Creating Public Key Pinning headers (HPKP)

In my post two weeks about setting consistent headers in nginx, one of the headers I was concerned with was the Public Key Pinning header (HPKP). This, and the Strict Transport Security header (HSTS) are both defensive mechanisms meant to increase the reliability of secure connections to a given site.

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Economically monitoring SSL certificate expiration

As noted previously, I’ve opted to serve all of my sites securely. I even went to far as to get ethitter.com on Chrome’s preload list, meaning no major browser even attempts an insecure connection to my site. Try loading http://ethitter.com/ in Chrome, Firefox, or Safari, and the browser will redirect to https://ethitter.com/ before my nginx configuration ever tells it to.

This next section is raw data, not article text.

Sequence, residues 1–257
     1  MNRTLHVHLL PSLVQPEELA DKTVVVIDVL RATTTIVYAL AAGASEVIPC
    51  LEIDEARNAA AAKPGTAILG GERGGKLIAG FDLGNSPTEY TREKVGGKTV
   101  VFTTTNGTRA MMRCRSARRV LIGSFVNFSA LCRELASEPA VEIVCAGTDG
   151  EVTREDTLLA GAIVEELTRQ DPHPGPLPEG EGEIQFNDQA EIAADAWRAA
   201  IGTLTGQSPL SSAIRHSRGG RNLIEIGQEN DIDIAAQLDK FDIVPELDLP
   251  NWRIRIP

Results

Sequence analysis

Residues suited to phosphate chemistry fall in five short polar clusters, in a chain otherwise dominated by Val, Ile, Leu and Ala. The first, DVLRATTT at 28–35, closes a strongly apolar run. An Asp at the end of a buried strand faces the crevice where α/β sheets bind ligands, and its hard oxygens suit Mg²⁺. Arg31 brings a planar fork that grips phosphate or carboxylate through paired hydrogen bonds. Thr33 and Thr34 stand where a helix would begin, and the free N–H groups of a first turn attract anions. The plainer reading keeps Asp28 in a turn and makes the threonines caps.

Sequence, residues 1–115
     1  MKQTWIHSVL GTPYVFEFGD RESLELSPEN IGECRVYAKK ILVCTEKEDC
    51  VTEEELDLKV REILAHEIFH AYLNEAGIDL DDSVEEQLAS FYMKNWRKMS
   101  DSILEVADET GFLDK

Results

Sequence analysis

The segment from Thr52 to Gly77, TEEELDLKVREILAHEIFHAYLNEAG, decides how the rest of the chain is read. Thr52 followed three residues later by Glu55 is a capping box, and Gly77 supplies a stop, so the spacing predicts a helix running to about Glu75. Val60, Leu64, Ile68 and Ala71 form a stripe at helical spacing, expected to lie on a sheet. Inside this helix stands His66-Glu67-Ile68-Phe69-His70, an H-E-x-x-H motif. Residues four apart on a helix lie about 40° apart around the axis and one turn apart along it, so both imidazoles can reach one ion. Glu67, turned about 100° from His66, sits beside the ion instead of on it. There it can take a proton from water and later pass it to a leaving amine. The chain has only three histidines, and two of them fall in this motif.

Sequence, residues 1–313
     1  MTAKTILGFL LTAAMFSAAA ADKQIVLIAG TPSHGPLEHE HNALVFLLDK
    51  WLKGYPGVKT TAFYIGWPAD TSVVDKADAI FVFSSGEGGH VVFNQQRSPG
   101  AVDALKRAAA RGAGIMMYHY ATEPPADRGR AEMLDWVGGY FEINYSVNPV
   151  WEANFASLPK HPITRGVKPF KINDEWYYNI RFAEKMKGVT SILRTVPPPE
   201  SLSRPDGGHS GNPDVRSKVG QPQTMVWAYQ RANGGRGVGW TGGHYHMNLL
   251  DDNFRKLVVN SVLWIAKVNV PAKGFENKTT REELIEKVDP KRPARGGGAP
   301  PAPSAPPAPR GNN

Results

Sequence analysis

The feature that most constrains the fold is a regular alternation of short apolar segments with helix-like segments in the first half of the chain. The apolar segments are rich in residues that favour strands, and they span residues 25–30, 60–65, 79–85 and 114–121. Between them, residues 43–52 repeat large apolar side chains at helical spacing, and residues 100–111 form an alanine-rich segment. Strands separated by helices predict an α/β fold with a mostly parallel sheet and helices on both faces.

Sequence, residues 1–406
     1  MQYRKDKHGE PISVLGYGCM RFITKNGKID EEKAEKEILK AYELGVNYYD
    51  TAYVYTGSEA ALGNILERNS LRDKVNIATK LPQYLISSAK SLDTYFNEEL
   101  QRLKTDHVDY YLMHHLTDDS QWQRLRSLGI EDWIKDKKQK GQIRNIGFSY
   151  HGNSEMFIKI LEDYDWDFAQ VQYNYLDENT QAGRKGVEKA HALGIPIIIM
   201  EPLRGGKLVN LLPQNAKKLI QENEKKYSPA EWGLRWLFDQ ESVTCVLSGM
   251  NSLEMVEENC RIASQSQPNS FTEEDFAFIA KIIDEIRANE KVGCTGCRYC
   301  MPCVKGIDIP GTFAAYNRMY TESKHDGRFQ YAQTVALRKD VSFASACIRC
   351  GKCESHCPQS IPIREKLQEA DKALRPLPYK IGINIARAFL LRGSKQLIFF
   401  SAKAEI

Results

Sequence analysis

That vaguely-entertaining detail aside, this means that I’ve reason to be concerned about how soon my SSL certificates expire. The HPKP headers I set have 60-day lives, which I need to account for any time I renew the certificate for a pinned domain.

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